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Franklin Exhibit Heralds Founder’s Varied Work

Benjamin Franklin died a decade before the nation’s capital moved to the swamps along the Potomac River. This week, he makes a grand entrance.

“Benjamin Franklin: In Search of a Better World,” which opens Friday in the Lawrence F. O’Brien Gallery of the National Archives, is a midwinter gift for American history junkies.

Older, more worldly and with broader life experiences than many of the Founding Fathers, Franklin was “a man of amazing talents who not only helped shape the Declaration and the Constitution, but whose influence we still feel today in many other ways,” Deputy Archivist of the United States Debra Wall said at the exhibit’s unveiling earlier this week.

The project is a joint venture between the Foundation for the National Archives and the General Motors Foundation, with the foundation donating $100,000 to bring it to fruition. The Benjamin Franklin Tercentenary and the Minnesota Historical Society organized and designed the project. 

Before coming to the District, the exhibit made stops in Pennsylvania, Michigan, Minnesota and France, a testament to the global reach Franklin still holds more than two centuries after his death. 

The National Archives Experience will give the exhibition its own flavor through rare encased documents, including:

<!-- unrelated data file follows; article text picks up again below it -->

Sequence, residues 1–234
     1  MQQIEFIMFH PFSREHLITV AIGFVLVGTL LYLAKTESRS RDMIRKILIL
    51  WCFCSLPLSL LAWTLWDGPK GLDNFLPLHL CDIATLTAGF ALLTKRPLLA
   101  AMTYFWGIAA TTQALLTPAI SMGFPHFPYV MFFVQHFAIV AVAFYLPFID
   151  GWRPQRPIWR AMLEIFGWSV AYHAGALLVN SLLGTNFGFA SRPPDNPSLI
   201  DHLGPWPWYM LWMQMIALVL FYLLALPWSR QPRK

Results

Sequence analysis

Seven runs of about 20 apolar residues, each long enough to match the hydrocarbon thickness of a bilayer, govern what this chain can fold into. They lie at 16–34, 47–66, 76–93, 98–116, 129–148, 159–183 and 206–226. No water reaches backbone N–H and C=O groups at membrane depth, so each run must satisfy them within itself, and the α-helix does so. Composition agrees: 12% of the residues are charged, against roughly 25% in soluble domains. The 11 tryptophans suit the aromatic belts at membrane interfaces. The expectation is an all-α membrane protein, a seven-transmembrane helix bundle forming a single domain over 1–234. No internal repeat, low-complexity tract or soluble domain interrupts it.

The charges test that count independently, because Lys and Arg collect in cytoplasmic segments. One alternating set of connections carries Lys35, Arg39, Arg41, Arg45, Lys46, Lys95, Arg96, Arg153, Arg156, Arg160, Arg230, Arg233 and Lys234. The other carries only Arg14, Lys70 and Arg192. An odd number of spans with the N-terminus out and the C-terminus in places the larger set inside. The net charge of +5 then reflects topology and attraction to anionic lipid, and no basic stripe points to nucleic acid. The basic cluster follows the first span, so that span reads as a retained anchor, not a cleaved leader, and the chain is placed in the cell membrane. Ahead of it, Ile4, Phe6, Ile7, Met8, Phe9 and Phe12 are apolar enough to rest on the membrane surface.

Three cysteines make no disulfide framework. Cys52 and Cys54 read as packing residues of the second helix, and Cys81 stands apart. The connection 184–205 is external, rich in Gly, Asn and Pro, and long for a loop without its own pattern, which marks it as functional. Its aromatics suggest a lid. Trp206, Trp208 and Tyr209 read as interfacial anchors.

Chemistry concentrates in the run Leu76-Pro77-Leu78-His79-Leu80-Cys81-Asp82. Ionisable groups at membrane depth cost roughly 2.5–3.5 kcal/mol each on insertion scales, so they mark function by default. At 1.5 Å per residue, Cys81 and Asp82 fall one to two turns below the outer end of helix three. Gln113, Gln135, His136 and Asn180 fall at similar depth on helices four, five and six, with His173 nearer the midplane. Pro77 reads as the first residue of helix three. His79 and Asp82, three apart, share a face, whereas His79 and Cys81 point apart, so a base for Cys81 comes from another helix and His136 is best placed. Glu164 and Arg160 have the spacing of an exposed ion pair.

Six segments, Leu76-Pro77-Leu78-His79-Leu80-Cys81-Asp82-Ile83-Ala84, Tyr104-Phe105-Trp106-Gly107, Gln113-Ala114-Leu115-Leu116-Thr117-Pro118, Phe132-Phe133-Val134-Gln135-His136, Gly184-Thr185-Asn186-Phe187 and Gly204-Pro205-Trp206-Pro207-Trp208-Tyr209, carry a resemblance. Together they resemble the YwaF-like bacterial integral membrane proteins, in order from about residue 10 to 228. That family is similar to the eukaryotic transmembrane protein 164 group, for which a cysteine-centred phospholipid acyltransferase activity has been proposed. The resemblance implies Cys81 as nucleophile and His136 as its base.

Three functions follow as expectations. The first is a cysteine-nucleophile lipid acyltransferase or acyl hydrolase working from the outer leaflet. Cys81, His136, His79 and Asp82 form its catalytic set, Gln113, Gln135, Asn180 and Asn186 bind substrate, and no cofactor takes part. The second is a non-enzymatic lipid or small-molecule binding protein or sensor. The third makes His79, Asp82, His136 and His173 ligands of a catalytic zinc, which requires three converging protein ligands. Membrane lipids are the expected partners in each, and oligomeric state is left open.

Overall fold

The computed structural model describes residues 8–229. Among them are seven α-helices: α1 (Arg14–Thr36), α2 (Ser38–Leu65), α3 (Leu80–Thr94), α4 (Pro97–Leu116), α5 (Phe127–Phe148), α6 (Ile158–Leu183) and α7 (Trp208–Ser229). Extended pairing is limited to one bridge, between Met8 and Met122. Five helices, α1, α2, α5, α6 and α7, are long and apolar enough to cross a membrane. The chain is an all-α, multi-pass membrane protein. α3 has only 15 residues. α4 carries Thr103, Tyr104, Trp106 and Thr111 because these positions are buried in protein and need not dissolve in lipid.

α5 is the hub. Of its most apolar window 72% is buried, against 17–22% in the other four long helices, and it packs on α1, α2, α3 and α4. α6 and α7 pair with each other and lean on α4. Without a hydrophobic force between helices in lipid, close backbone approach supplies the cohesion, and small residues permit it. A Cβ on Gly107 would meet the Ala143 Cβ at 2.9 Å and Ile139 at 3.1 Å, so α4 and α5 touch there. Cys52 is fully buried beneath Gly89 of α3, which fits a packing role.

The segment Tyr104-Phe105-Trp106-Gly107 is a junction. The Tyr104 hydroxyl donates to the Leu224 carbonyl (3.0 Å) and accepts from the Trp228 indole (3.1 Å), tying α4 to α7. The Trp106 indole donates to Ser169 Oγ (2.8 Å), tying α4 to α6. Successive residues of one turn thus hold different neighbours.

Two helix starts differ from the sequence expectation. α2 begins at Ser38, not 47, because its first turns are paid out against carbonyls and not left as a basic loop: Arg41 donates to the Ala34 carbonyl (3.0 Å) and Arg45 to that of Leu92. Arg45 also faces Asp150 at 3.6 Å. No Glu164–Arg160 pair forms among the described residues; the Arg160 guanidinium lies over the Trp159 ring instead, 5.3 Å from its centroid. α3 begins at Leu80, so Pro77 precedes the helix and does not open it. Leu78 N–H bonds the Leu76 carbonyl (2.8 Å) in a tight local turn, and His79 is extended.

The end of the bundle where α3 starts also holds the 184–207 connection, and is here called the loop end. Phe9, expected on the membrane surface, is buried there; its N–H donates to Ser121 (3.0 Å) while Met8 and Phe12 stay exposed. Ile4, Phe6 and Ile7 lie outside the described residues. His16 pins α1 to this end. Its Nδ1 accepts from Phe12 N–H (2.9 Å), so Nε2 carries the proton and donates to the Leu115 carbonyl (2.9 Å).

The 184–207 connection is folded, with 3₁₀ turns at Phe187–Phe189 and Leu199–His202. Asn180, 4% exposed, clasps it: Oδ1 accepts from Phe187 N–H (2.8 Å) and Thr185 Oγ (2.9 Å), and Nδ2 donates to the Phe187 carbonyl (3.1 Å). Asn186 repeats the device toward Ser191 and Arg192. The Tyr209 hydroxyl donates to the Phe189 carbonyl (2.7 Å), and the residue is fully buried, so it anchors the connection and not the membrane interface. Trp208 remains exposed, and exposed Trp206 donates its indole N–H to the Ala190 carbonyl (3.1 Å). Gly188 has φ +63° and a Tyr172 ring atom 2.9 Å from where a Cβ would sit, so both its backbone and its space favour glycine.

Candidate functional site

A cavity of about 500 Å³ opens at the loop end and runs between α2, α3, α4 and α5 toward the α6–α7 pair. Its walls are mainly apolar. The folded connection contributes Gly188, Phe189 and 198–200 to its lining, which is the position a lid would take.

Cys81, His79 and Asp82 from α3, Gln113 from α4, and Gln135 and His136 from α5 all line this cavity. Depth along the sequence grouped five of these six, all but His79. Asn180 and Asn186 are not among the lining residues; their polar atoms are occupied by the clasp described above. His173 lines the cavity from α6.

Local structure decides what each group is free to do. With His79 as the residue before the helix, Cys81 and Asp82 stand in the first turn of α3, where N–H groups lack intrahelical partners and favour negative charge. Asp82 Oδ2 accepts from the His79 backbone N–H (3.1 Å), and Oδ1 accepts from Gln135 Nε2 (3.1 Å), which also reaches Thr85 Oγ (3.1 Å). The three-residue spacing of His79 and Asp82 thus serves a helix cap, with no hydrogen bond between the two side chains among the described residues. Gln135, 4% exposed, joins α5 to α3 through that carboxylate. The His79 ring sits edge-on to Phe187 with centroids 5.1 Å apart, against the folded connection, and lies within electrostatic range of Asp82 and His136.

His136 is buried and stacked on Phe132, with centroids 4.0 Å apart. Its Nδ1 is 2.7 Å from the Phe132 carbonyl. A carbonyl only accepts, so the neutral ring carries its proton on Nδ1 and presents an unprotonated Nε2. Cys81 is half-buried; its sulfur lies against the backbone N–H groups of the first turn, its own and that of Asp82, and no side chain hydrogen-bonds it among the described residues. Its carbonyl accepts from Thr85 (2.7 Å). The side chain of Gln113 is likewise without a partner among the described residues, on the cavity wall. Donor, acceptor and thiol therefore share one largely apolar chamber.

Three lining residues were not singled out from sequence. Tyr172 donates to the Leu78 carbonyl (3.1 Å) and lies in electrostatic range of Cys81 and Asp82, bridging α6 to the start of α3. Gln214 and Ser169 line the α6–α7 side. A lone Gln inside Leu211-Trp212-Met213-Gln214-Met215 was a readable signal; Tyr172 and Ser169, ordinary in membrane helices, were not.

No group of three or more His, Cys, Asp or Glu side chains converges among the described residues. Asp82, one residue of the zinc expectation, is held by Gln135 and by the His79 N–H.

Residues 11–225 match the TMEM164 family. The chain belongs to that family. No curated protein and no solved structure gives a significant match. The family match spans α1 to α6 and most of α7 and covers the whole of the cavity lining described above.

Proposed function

• The Treaty of Paris, which ended the American Revolutionary War in 1783.

• A 1777 letter from Franklin to the Continental Congress, updating the body on his diplomatic efforts at the French Court as a member of the Committee of Secret Correspondence. 

• A journal of the Constitutional Convention, detailing Franklin’s involvement in the compromise over Congressional representation.

• A printed version of the Constitution from 1787, an original rough draft that was sent to New York before the final document was signed. 

Franklin’s interests were wide and varied. He was a postmaster, publisher, scientific wizard, philanthropist, shrewd diplomat and statesman. To many Europeans of the age, he was the prototypical American.

Exhibition curator Michael Hussey told Roll Call that Franklin opted to use his scientific, mechanical and political talents for the greater good rather than self-advancement, though he certainly understood the importance of profit.

That’s not to say that he didn’t have foibles or possess a healthy ego, Hussey said, but his character flaws — he was a bad husband and a worse father, for example — shouldn’t overshadow or undermine his contributions to public life. 

“[We] need to understand his contribution and why we are here today,” said Hussey, who hopes the exhibit will convey to visitors the influence Franklin had on the world around him and spark a younger generation into fields Franklin excelled in. 

Greg Martin, director of public policy and Washington communications for General Motors, had a slightly different perspective on the exhibit’s core purpose, one not too far removed from the theme of Franklin as grand contributor. 

“Our goal through this exhibit [is to] get a glimpse into the mind of a person like Ben Franklin, we can inspire that next generation of scientists and engineers to design and build great cars,” Martin said. 

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